He was very kind, as indeed they both were; and Mr. Barton, after a short time, was sufficiently impressed with my powers to propose to Mr. Caldwell that I should act Lady Macbeth to his Macbeth, on the occasion of his (Barton's) benefit. Upon this is was decided that I should give up singing and take to acting. My contract with Mr. Maeder was annulled, it being the end of the season. So enraptured was I with the idea of acting this part, and so fearful of anything preventing me, that I did not tell the manager I had no dresses, until it was too late for me to be prevented from acting it; and the day before the performance, after rehearsal, I told him. He immediately sat down and wrote a note of introduction for me to the tragedienne of the French Theatre, which then employed some of the best among French artists for its company. This note was to ask her to help me to costumes for the role of Lady Macbeth, I was a tall, thin, lanky girl at that time, about five feet six inches in height. The Frenchwoman, Madame Closel, was a short, fat person of not more than four feet ten inches, her waist full twice the size of mine, with a very large bust; but her shape did not prevent her being a very great actress. The ludicrousness of her clothes being made to fit me struck her at once. She roared with laughter; but she was very good-natured, saw my distress, and set to work to see to how she could help it. By dint of piecing out the skirt of one dress it was made to answer for an underskirt, and then another dress was taken in in every direction to do duty as an overdress, and so make up the costume. And thus I essayed for the first time the part of Lady Macbeth, fortunately to the satisfaction of the audience, the manager, and all the members of the company.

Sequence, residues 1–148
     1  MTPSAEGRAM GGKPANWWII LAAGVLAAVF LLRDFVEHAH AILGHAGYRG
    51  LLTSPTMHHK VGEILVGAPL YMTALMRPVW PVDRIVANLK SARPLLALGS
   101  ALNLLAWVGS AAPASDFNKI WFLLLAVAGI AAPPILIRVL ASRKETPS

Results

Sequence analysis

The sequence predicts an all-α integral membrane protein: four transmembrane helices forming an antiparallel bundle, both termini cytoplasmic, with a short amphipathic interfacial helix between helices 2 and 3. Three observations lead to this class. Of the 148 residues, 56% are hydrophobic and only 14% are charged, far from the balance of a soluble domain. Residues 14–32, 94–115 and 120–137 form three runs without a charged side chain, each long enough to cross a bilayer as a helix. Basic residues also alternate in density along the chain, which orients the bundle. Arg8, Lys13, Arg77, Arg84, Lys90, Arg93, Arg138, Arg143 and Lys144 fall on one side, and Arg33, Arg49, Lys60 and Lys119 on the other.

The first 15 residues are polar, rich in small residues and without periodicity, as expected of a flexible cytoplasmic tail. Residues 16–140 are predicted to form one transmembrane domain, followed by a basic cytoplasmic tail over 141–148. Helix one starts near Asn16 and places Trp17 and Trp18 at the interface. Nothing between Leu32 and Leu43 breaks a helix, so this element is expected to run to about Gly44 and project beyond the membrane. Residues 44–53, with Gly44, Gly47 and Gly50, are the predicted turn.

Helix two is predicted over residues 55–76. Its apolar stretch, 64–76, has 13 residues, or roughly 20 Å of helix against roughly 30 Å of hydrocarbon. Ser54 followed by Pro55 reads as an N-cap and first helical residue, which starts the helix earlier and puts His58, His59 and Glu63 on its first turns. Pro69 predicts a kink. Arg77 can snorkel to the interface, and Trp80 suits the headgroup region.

… I should advise you to get to work; all ideal study of acting, without the trial or opportunity of trying our efforts and conceivings upon others, is, in my mind, lost time. Study while you act. Your conception of character can be formed while you read your part, and only practice can tell you whether you are right. You would, after a year of study in your own room, come out unbenefited, save in as far as self-communion ever must make us better and stronger; but this is not what you want just now. Action is needed. Your vitality must in some measure work itself off. You must suffer, labour, and wait, before you will be able to grasp the true and the beautiful. You dream of it now; the intensity of life that is in you, the spirit of poetry which makes itself heard by you in indistinct language, needs work to relieve itself and be made clear. I feel diffident about giving advice to you, for you know your own nature better than any one else can, but I should say to you, get to work in the best way you can.
All your country work will be wretched; you will faint by the way; but you must rouse your great strength and struggle on, bearing patiently your cross on the way to your crown! God bless you and prosper your undertakings. I know the country theatres well enough to know how utterly alone you will be in such companies; but keep up a good heart; we have only to do well what is given us to do, to find heaven.
I think if you have to wait for a while it will do you no harm. You seem to me quite frantic for immediate work; but teach yourself quiet and repose in the time you are waiting. With half your strength I could bear to wait and labour with myself to conquer fretting. The greatest power in the world is shown in conquest over self. More life will be worked out of you by fretting than all the stage-playing in the world. God bless you, my poor child. You have indeed troubles enough; but you have a strong and earnest spirit, and you have the true religion of labour in your heart. Therefore I have no fears for you, let what will come. Let me hear from you at your leisure, and be sure you have no warmer friend than I am and wish to be,…